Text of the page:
Rural and literate:
By the time I had gathered the bulk of my academic titles, my mother had shown me a high school essay by her own grandmother.  The assignment had been written out in a clear, round consistent hand that looked like the work of a professional.  The content was easily Ivy League college level honors work.  The copy was letter perfect. 

The family then as now lived in a beautiful little stone farmhouse in rural Pennsylvania, something like Hoggett farm in “Babe” but more modest outside, better appointed inside.  They dug in the dirt for a living in those days and they studied hard. 

It seems sort of like the best of all possible worlds.  A small community of farmers can endure far longer than a big community of city dwellers.  And a high degree of literacy means that experience could accumulate over many centuries.  In an urban environment it is rare for a family to stay interested in the same subject for three generations.   It can be quite different for farmers.  My own relatives have held firm against the whirlwind of history there for over two centuries.

It had happened before.  When William Tyndale was working on his great translation of the Bible he remarked that he wanted to make the language of the translation clear enough so that every ploughman would be able to read it and understand it.  His worked turned out in the end to be the foundation of modern English, the most successful language ever.  But the point is that he assumed that every ploughman would be able to read and would be likely to be interested in reading.  Rural English life remained stable for a very long time.  The industrial revolution started in the same part of England Tyndale came from.

There was an equally momentous revolution in the lands of Israel and Judah, the Holy Land.  I have heard a very good argument made for the case that they invented the alphabet.  The argument, which belongs to my younger brother, is that the hieroglyphics of ancient Egypt were well adapted to their use.  They were used by full time professional scribes.  For such a person, the more different available symbols there are the better.  Whether writing on papyrus or carving in stone, ease increases as the number of symbols that have to be written down decreases.  The more different symbols you have with different specific meanings, the fewer you need to convey the sense of what you are writing.  Exploiting their rich system, they had the convenience of being able to close every line with a symbol that conveyed the sense of the line, a little like the writer of a check records the amount of a check both in Arabic numerals and in English prose.  Such redundancy facilitates understanding and reduces errors. 

On the other hand, for one who is not a professional scribe but must make a living doing something else, an alphabet is far more convenient.  Learning time is reduced.  The tradeoff is that for any piece of information, the time it takes to write it down is increased.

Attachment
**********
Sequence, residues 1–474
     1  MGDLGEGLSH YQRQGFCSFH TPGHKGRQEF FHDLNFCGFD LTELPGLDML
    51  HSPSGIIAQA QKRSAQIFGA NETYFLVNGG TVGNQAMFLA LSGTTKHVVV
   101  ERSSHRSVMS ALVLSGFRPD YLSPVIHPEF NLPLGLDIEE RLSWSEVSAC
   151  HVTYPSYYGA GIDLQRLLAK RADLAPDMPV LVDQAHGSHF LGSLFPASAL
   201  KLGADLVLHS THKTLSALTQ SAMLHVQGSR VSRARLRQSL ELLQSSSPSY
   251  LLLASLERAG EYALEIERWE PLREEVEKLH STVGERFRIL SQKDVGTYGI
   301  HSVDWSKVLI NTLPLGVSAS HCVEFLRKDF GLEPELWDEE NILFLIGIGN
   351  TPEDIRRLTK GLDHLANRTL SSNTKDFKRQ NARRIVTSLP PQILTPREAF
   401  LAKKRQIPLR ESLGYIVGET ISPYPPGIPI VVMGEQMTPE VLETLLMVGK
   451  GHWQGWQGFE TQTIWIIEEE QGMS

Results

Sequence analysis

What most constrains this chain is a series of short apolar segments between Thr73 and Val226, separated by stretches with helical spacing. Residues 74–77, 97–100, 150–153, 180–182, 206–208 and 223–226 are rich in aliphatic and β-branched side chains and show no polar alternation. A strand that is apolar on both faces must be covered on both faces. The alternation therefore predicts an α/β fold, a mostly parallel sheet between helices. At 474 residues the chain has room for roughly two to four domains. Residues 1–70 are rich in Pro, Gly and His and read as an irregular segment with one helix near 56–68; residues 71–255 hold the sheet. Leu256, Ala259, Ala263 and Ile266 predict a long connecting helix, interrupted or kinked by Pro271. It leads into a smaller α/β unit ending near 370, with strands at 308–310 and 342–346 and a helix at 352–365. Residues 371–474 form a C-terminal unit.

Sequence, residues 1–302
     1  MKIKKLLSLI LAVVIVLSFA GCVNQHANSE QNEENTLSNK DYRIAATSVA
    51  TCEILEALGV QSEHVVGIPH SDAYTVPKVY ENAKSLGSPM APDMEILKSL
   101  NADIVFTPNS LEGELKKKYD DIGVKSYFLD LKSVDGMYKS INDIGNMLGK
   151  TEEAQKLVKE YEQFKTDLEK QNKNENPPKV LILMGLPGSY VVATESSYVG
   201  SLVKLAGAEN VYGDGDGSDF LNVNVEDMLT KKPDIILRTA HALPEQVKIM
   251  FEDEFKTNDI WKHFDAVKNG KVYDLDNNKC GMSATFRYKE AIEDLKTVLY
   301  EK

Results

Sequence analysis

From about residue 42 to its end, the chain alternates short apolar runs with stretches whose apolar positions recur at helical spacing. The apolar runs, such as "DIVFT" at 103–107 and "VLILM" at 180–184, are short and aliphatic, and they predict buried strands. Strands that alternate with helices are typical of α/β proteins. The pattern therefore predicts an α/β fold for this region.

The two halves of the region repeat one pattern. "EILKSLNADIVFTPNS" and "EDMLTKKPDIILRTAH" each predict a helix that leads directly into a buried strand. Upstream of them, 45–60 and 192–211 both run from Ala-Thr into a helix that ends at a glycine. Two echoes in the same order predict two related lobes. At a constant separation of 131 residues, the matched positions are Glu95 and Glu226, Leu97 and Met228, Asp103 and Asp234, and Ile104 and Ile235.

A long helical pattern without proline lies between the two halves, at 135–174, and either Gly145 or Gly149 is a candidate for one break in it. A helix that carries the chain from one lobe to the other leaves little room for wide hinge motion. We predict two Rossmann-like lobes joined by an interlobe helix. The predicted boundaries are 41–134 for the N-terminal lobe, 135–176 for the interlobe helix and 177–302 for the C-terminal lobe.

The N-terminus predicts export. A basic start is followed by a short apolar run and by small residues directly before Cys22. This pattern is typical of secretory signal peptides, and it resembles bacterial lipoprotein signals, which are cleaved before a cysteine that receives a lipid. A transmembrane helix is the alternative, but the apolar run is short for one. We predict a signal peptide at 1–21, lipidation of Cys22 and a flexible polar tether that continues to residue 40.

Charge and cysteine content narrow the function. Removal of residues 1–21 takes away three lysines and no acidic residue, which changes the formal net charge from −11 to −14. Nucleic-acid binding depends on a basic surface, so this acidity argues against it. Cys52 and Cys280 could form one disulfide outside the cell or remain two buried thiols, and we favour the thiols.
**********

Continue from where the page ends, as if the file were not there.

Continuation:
So we are looking at a literate rural society, one in which the vast majority were expected to be able to read and write.  If literacy began with the judges in 1410 BC and the society in rural form was stable until the Babylonian captivity and the destruction of the first temple in 585 BC, that almost matches England from the 1066 invasion by William to the Industrial Revolution.  Arguments can be made for much longer stability of both societies, but certainly both were more stable than all but a very few recognizable power structures. 

Just as the impact from the technological advances begun in the Industrial Revolution affects almost everyone alive, the religious insights of the Holy Land affect everybody.  The Muslims, Christians and Jews who hold the Old Testament in high esteem number over two billion.  Even those who do not share reverence for that part of scripture have to cope with decisions made by the immense number who do. 

I am quite fond of what I call the “treasures of civilization,” the highly developed technology, the science, the art, history, philosophy, music, literature, architecture and so forth.  They are products of urban society.  The Industrial Revolution and the Old Testament, I think it can be argued, were products of literate rural society.  And I am quite fond of them, too.  I concede that both have produced their horrors as well as their good things.  One might refer to the glamour of the city and the glory of the countryside. 

The Industrial Revolution initiated the great wave of urbanization that has engulfed us, but it was built on a well established cottage industry of textiles.  The Old Testament is largely about wars, international crises and power politics, about momentous events centered on Jerusalem and religious life centered on the Temple, but it was built on a cottage tradition of intellectual and religious study. 

Given time and the written word, people will produce incredible things.  I wonder what rural Pennsylvania will produce. 

Our visitor counter is still down.  This is research not advice.  Linton Herbert

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